THE END OF PHILOSOPHY


namely for beings as such-what makes possible: the condition of possibility (cf. "Plato's Doctrine of Truth").

But also in the actualitas, which is determined in every respect by causalitas, the essence of beingness at the beginning maintains itself in a changed form: presence. The summum ens is distinctively characterized by omnipraesentia. However, "ubiquity," (to be present everywhere) is also determined "causally." Deus est ubique per essentiam inquantum adest omnibus ut causa essendi (qu. 8a, 3).

The interpretation of existentia can also be explained by the causal character of reality. This is the name for the other concept which is mostly equated in meaning with actualitas (reality), and is even used far more often in the conceptual language of metaphysics, above all in the distinction of essentia and existentia ("essence" and "existence"). The origin of the word existentia is traced back to two passages in Aristotle's Metaphysics which both treat almost identically the on hos alethes, the Being of beings in the sense of "unconcealed" (Met. E 4, 1027b 17 and Met. K 8, 1065a 21ff.). Here Aristotle speaks about a exo ousa tis physis tou ontos and about the exo on kai choriston. The exo, outside, means the Outside tes dianoias, that is, human reason which permeates beings in discussion, and in doing so establishes what it has talked about. What is established in this way consists and presences only for such discussion and in the neighborhood of its activity. What is outside (exo) consists and stands as something persisting in itself in its own place (choriston). What thus "stands outside," ex-sistens, the ex-isting, is nothing other than what presences of itself in its being produced, the on energeia.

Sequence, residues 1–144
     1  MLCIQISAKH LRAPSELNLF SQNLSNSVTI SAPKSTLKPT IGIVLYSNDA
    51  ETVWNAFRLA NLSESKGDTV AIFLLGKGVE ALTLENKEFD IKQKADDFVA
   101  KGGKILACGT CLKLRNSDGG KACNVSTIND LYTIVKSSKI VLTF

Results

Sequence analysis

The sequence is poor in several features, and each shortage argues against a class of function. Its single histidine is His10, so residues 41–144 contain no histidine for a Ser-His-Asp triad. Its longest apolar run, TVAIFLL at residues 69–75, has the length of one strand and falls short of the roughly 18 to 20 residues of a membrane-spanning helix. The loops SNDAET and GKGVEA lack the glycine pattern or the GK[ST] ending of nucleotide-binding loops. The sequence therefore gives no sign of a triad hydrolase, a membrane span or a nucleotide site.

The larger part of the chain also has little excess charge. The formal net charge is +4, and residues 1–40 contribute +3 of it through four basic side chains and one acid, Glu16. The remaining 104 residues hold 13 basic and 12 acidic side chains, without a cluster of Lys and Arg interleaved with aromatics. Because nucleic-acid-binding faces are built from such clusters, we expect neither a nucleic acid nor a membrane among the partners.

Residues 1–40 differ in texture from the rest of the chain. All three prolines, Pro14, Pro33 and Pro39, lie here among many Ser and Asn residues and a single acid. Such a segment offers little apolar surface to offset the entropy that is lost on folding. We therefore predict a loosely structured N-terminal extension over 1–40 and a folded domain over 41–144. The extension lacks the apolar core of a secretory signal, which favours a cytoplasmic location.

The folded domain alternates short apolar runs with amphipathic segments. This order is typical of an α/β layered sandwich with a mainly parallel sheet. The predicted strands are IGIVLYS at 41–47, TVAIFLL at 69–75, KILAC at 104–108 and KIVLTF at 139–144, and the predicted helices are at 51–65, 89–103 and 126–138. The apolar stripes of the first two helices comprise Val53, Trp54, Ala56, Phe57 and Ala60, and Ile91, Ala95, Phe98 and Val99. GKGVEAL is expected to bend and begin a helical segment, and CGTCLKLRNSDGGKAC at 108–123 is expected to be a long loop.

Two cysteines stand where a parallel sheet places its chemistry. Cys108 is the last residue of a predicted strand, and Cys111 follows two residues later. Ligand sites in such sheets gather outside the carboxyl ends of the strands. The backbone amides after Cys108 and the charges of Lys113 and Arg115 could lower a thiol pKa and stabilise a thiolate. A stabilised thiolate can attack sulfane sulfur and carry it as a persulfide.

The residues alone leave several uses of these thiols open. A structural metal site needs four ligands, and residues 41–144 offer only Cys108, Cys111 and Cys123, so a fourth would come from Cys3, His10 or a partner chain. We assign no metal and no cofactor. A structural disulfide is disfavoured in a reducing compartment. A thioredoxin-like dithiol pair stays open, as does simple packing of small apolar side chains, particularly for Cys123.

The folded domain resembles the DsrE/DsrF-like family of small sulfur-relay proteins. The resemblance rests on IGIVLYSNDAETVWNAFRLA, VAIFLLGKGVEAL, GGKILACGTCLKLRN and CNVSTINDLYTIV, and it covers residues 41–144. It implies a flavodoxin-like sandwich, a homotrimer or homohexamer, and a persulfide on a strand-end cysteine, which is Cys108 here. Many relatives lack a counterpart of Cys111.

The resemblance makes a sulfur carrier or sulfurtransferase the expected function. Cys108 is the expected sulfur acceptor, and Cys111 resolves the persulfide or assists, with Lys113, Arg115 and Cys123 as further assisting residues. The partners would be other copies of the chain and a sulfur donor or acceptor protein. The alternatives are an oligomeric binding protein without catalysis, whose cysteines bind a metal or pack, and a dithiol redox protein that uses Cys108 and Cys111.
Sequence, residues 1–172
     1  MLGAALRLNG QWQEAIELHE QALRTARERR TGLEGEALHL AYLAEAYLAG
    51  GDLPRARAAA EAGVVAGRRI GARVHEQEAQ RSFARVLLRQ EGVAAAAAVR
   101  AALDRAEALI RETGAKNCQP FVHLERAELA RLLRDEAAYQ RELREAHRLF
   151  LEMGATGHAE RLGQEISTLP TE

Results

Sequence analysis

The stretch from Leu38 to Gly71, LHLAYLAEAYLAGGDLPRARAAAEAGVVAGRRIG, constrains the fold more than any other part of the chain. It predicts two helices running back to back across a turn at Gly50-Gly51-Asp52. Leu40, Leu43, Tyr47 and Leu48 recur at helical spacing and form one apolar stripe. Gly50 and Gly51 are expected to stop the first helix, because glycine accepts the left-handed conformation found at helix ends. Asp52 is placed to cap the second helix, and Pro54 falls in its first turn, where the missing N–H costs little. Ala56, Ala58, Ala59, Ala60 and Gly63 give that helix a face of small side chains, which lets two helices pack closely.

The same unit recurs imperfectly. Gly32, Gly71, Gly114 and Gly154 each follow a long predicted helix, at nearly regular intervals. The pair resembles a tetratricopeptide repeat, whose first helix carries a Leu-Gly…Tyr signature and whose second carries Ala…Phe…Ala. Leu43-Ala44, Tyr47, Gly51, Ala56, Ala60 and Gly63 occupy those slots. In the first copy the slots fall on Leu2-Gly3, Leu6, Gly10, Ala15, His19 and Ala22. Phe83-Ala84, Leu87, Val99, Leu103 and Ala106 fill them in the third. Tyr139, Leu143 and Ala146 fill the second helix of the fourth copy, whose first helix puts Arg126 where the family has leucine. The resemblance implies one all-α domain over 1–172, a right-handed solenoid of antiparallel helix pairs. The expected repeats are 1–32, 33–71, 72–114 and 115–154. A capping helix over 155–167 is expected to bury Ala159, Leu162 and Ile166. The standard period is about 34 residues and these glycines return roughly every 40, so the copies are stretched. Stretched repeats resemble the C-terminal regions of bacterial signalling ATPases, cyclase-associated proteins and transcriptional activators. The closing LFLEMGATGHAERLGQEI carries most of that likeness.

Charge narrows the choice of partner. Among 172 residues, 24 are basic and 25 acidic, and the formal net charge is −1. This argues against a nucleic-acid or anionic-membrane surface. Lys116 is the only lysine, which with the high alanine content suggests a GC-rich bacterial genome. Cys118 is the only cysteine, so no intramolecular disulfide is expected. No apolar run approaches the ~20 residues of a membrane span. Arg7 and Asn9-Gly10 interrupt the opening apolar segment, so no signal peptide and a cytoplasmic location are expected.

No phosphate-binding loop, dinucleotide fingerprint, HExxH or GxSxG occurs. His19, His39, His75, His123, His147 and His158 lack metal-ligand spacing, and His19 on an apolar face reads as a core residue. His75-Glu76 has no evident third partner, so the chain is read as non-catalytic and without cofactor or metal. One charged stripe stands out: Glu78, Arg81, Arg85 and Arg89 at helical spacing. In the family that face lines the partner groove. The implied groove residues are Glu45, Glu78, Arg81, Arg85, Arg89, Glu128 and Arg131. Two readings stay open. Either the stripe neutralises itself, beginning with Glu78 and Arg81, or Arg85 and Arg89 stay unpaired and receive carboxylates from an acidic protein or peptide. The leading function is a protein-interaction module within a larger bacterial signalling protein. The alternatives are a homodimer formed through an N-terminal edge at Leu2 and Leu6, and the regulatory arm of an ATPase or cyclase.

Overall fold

At this point, a derivation of the Latin word ex-sistentia from an Aristotelian explanation of beings is called for. More important for insight into the history of Being is the fact that the characterization of what presences of itself (ousia) is already based upon a changed essence of truth. The "true" is still called alethes, the unconcealed; but what is true, namely the proposition, is true not because it itself as revealing is something "unconcealed," but rather because it establishes and thinks what is unconcealed by the adequation of reason. The determination of Being in the sense of ex-sistentia as


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Martin Heidegger (GA 7) The End of Philosophy